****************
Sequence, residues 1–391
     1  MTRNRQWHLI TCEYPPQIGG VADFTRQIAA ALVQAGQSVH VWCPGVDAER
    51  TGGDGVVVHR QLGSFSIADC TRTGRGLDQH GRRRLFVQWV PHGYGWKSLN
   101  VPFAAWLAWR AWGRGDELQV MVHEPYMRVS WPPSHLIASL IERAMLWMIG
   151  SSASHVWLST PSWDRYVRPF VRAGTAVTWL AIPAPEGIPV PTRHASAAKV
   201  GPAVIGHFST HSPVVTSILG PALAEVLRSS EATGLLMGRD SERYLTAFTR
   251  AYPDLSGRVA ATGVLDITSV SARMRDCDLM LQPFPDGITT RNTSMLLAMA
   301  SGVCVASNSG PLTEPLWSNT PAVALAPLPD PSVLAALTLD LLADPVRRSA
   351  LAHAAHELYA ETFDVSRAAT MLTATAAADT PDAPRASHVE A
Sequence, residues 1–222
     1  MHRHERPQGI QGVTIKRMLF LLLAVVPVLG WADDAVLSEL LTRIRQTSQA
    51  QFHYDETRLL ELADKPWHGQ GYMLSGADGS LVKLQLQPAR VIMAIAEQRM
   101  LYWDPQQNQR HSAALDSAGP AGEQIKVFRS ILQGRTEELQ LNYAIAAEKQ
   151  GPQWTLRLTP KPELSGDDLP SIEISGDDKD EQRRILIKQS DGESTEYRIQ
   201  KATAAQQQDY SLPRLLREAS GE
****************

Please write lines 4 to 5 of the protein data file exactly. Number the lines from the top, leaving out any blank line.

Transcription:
   101  VPFAAWLAWR AWGRGDELQV MVHEPYMRVS WPPSHLIASL IERAMLWMIG
   151  SSASHVWLST PSWDRYVRPF VRAGTAVTWL AIPAPEGIPV PTRHASAAKV